I don’t think I’d ever seen a whoopie pie in person until I made them to take into work for Valentine’s Day. I understand from the photos in my Hummingbird Bakery “Cake Days” cookbook that they are meant to be more rounded and elegant (and less craggy) than these turned out, but they tasted nice, and I will just pretend I was going for the rustic look. For those who are not acquainted with the whoopie pie, it’s a sponge cake and icing sandwich. A bit like a wizard-of-oz cupcake that’s been lifted up in a tornado and plopped down again with its roof in the middle of the sponge. The batter is baked on baking sheets like cookies, but comes out very soft and cakey, and is then sandwiched together with obscene amounts of marshmallow buttercream icing (which I dyed pink, naturally). Mark, who is not generally a fan of excessive icing, tried one and suggested I put more in. Alarmed by this ‘constructive criticism’, I twisted them apart again and put in about triple the amount of icing recommended in the book.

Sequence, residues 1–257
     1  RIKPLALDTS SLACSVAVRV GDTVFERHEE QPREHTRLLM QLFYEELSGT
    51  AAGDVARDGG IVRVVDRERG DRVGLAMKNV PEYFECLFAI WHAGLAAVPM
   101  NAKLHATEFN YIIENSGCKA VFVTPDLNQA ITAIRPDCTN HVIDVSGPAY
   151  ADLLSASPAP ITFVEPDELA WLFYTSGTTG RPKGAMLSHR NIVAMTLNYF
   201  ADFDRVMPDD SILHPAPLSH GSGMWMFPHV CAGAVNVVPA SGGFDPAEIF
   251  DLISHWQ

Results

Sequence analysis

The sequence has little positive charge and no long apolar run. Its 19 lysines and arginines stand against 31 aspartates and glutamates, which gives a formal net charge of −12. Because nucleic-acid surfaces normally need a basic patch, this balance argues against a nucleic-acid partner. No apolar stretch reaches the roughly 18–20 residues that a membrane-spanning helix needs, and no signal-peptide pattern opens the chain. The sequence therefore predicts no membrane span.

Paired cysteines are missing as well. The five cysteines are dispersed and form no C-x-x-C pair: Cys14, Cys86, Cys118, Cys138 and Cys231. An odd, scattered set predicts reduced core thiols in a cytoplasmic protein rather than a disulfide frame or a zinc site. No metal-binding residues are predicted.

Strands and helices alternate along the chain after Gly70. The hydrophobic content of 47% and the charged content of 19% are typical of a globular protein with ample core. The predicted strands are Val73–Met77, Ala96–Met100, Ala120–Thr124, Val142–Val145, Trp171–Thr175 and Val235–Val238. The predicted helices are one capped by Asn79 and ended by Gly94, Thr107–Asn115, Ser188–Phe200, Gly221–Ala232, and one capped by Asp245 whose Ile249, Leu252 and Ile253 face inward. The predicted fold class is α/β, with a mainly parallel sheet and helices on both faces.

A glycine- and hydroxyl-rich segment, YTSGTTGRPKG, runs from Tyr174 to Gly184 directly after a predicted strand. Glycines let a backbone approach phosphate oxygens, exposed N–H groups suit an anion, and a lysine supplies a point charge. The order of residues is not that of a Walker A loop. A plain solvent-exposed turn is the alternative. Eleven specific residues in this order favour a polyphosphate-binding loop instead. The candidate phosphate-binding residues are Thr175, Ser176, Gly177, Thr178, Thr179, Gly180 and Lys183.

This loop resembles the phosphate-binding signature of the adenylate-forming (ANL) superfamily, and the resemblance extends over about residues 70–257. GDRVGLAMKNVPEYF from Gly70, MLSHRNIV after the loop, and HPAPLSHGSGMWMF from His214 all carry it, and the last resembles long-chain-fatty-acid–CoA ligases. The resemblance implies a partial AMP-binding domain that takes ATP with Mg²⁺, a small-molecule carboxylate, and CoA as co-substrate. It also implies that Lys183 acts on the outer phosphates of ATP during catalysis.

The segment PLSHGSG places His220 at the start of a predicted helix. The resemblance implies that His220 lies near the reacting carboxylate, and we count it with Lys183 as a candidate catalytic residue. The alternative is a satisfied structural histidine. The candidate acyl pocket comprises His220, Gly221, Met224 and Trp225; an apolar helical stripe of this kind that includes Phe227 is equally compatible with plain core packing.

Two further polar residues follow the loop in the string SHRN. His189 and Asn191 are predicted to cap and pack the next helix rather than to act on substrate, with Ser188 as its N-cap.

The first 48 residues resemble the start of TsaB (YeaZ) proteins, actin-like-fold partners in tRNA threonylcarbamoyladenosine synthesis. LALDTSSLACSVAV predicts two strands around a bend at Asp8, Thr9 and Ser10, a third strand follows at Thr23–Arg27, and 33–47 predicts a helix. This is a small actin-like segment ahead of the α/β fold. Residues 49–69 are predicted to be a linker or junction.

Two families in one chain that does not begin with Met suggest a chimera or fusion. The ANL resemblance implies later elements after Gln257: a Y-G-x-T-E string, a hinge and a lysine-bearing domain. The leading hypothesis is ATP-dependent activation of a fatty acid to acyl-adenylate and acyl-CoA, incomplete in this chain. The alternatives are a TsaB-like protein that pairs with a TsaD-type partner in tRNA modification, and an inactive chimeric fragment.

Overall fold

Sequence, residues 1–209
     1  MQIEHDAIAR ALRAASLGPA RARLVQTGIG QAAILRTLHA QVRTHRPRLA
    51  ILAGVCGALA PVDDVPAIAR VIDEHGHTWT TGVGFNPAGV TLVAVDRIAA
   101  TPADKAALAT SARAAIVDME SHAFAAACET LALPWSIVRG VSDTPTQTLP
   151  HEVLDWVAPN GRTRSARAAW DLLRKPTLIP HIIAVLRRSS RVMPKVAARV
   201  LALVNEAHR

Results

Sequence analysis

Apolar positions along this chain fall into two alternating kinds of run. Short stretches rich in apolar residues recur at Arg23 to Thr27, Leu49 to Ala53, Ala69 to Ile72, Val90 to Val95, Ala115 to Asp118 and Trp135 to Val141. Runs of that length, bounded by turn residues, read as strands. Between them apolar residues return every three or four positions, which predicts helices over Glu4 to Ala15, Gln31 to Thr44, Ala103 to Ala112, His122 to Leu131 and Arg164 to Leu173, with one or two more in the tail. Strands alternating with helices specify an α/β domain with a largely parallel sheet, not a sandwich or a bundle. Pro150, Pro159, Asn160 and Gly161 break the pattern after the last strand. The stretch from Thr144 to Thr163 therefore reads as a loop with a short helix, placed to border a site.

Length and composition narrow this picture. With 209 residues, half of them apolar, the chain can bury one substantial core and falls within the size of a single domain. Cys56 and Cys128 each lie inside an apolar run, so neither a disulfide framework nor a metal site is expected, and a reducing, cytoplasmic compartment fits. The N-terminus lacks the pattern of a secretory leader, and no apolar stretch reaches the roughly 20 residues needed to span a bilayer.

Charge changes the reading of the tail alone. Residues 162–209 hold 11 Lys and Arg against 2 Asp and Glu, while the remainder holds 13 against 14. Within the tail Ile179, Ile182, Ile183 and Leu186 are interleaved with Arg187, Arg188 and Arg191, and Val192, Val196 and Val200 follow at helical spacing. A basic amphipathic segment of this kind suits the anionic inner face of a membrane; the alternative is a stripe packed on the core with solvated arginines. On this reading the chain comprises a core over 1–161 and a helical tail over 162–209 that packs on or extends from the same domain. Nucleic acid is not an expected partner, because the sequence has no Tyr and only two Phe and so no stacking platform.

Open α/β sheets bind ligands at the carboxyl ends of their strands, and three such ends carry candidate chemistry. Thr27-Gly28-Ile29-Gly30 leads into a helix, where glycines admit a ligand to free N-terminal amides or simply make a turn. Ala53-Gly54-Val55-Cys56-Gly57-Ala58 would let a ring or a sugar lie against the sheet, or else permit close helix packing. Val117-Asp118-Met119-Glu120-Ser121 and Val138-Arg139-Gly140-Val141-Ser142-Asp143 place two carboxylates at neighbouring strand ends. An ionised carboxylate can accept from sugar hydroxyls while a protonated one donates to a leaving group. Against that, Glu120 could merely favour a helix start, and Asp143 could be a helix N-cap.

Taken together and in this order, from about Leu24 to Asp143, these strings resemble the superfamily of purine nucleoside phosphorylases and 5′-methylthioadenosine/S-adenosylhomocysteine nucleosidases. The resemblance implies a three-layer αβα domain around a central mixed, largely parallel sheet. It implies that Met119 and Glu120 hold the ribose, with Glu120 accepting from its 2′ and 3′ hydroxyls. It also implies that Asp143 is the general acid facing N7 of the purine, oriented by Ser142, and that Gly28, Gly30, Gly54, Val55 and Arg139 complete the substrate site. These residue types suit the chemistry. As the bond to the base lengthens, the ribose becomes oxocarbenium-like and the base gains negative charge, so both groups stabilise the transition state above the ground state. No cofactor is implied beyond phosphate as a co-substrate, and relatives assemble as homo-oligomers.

They were a huge hit in the office, although their American-ness was commented upon more than once! At least I didn’t hand out little cartoon heart greetings cards…
Lizzie and I did a LOT of baking during the christmas period; sadly I neglected to photograph nearly all of it. I did manage to take an iPhone photo of our christmas cake though, even though I decorated it after christmas so it ended up being a ‘new years cake’. The recipe was Nigella’s time-honoured christmas cake, which is in a couple of her books, including ‘How to be a Domestic Goddess’.
We took a chunk home to Bristol with us, which is sadly just a distant memory. I might need to make some everyday fruitcake to console myself with (and to feed the cyclist…)